For years doctors and politicians have tried to curb the American thirst for sugary sodas. In 2012, for example, New York City mayor Michael Bloomberg banned the sale of large containers of sodas there. When the measure was later overturned, a new tactic was adopted, according to The New York Post:
"Dr. Thomas Farley, Bloomberg's health commissioner, urged the feds to reconsider making sodas more expensive.
‘A soda tax is the simplest way to reduce consumption of sugary drinks, which are the biggest single contributor to the obesity epidemic in this country,'" according to Dr. Farley."
However the sales of cola and other carbonated drinks have been declining for years -- and in fact are at a 30-year low.
As a Fortune news story noted:
"The industry has found itself out of favor as consumers seek beverage alternatives to soda that they deem healthier, notably juices and flavored waters. Those alternatives don't contain as many calories as soda, and also don't include ingredients like the sweetener aspartame, which has fallen out of favor in recent years."
A Sugary Contradiction While the drop in sugary colas is good news for everyone except the beverage companies, this leads to an apparent contradiction: If it's true, as Dr. Farley and others have claimed, that soft drinks are the dominant contributor to the weekly caloric intake by most Americans, how can it be that the general population has gained weight over the past decades, at the same time that soda consumption has declined?
If sugary drinks are being consumed less and less each year, then Americans should be losing weight instead of gaining it, all else being equal.
Dr. Rafael Perez-Escamilla, a Professor of Epidemiology and Public Health at Yale School of Public Health, explained this paradox in an e-mail to Discovery News: "The fact that the obesity epidemic in the USA remains unabated in spite of significant reductions in consumption of sugar sweetened beverages, including sodas, over the past years may be related to consumers simply replacing the lower consumption of calories from sugar-sweetened beverages with calories from other food products. In other words it is possible that individuals deciding to consume diet sodas or water instead of regular sodas, are not ‘saving' those calories but rather are simply consuming the same amount of calories or even more from other foods."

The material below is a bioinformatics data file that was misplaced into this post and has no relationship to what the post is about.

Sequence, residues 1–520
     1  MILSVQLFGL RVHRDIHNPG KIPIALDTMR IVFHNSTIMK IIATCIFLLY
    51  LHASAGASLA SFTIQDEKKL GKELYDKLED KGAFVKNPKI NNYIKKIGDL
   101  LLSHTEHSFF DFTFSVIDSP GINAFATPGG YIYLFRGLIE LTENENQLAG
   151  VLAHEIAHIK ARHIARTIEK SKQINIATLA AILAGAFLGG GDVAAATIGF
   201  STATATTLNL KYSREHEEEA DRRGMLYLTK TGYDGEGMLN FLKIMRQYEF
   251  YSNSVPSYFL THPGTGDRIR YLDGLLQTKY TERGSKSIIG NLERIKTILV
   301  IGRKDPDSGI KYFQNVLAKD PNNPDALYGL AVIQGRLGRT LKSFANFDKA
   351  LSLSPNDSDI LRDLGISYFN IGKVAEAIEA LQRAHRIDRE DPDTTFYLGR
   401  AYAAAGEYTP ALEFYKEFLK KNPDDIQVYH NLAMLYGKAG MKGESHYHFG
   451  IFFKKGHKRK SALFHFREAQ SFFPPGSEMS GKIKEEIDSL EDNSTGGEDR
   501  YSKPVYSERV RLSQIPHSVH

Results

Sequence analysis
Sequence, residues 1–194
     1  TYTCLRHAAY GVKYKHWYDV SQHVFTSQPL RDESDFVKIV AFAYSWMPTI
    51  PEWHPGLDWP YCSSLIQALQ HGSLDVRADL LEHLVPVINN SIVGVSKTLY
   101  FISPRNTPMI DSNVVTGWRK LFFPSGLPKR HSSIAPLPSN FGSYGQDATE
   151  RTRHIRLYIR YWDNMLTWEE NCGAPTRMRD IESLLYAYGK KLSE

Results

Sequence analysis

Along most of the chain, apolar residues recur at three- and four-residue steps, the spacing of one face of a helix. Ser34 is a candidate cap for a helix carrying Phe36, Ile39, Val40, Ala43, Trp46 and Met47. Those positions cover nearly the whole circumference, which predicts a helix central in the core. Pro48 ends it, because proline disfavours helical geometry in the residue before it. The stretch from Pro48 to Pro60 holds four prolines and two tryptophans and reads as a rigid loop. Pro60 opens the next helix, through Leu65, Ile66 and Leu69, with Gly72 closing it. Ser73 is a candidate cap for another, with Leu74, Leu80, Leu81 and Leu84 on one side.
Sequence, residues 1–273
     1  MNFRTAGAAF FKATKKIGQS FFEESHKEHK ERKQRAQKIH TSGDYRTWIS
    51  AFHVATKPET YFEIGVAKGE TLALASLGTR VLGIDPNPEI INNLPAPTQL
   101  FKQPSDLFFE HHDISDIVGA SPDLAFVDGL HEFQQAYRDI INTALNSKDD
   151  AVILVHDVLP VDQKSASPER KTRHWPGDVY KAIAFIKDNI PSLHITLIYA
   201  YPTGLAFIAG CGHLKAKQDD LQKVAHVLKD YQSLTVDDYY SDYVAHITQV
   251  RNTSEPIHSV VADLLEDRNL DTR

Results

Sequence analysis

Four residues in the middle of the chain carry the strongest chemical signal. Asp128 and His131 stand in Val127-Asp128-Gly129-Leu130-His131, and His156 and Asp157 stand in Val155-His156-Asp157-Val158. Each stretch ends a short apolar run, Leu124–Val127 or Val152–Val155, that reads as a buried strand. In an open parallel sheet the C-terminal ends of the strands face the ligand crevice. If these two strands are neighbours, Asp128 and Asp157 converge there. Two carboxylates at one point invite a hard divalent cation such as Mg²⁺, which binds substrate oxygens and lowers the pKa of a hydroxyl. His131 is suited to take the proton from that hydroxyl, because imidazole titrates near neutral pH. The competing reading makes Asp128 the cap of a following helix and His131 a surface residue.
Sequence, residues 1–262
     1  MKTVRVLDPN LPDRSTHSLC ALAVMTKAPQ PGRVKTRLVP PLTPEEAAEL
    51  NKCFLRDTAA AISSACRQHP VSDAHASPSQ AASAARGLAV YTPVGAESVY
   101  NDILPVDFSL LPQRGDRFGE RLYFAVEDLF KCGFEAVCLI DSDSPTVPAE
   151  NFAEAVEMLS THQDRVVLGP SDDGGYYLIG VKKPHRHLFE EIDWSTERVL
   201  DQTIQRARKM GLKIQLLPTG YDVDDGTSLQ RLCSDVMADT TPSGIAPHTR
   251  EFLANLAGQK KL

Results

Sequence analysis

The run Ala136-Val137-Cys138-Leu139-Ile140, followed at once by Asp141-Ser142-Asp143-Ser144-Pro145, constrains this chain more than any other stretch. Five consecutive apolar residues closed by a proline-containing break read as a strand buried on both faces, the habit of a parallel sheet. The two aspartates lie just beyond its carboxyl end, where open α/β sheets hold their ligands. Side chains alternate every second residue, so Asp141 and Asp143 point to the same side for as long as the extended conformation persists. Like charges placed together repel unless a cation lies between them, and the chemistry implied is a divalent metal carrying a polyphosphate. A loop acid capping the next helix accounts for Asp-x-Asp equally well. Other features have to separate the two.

Dr. Perez-Escamilla adds, "Consumers may feel that it is fine to eat unhealthy foods in abundance because they are consuming a diet product."
Most of us have seen this at some point: the person who orders a double bacon cheeseburger with large fries -- with a large Diet Coke, just to offset the calories. Some scientists suggest that artificial sweeteners such as aspartame found in diet drinks may also contribute to the obesity problem.
With the help of mayor Bloomberg, lawmakers in other cities and states have put forth similar proposals to curb sugary soda consumption. As the Los Angeles Times reported last month:
"Alarmed by an obesity epidemic, two state lawmakers on Tuesday proposed a ‘health impact fee' of 2 cents per ounce on sugar-sweetened sodas and other drinks sold in California. The proposal by Democratic Assemblymen Richard Bloom of Santa Monica and Jim Wood of Healdsburg would add 24 cents to 12-ounce soft-drink cans, to be charged at the distributor level."
The money raised by this soda tax would fund public health initiatives, but is largely intended to discourage sugary soda consumption -- an admirable goal, but a trend which has already been happening for 30 years and is likely to continue with or without the added tax.
Furthermore the money potentially raised by the tax on sugary drinks, while significant, is getting smaller each year as diet drinks, juices, and bottled water take a larger market share.
Dr. Perez-Escamilla acknowledged that sugary drinks are only a small part of a much larger problem: "the obesity epidemic requires addressing the whole dietary and beverages pattern and not just individual foods or beverages. For this to happen however, there are major policy and food/beverage ‘environment' shifts that are required." The fight over sugary sodas and taxes will continue.